Putting the brakes on speeding tickets

Police cutbacks blamed for huge drop in citations

An officer issued a warning in Fitchburg, where citations have dropped 19 percent. An officer issued a warning in Fitchburg, where citations have dropped 19 percent. (Mark Wilson for The Boston Globe)
By Peter Schworm
Globe Staff / July 31, 2011

E-mail this article

Invalid E-mail address
Invalid E-mail address

Sending your article

Your article has been sent.

Text size +

The number of speeding tickets handed out across the state has sharply declined, dropping by more than one-third since 2008, as budget-crunched police departments scaled back traffic details to focus on crime.

Last year, police issued 241,979 citations, 60,000 fewer than in 2008, and in the first quarter of this year wrote just 48,575, according to the latest statewide figures. If that pace holds, the year’s total will be down 35 percent from 2008 levels.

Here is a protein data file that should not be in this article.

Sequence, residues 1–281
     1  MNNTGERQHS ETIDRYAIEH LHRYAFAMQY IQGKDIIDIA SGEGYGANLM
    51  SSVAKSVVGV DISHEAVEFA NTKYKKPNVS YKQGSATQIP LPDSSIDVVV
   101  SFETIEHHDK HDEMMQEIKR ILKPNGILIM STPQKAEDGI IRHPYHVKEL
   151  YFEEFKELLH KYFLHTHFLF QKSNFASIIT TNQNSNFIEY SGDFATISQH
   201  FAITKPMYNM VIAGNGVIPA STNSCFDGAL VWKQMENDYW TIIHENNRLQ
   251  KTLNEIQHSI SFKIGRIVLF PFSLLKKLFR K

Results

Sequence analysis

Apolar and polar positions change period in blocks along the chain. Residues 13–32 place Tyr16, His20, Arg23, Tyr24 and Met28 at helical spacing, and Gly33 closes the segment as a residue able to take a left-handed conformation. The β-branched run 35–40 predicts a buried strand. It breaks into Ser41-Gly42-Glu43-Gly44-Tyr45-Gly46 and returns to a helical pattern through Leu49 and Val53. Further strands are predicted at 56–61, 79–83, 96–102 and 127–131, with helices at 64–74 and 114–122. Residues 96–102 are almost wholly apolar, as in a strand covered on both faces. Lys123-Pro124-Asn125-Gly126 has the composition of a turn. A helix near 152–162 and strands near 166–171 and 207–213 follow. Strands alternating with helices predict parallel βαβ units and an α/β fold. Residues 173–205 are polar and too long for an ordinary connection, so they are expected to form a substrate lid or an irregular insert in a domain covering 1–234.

Law enforcement officials and traffic specialists speculate that a range of factors could be influencing the decline - from high gas prices slowing mileage-conscious drivers and persistent unemployment reducing the number of commuters, to sympathetic police officers letting more off the hook with a warning.

But the drop also coincided with a period of widespread layoffs and reduced overtime budgets since the economy collapsed in 2008, they say, leaving police departments with fewer officers to patrol the roadways.

“I can’t tell you the last time I wrote a ticket,’’ said James Machado, a sergeant in Fall River, where staffing levels have dropped 20 percent during the past few years. “Very seldom do you hear a patrol officer calling out a traffic stop. The call volume is constant, and you just don’t have the time.’’

According to figures provided by the Registry of Motor Vehicles, tickets issued in Boston dropped by nearly half, from 7,609 in 2008 to 4,179 last year. State Police, who patrol highways and state roads, wrote 140,785 tickets last year, down from 170,000 in 2008, and are on track to write even fewer this year.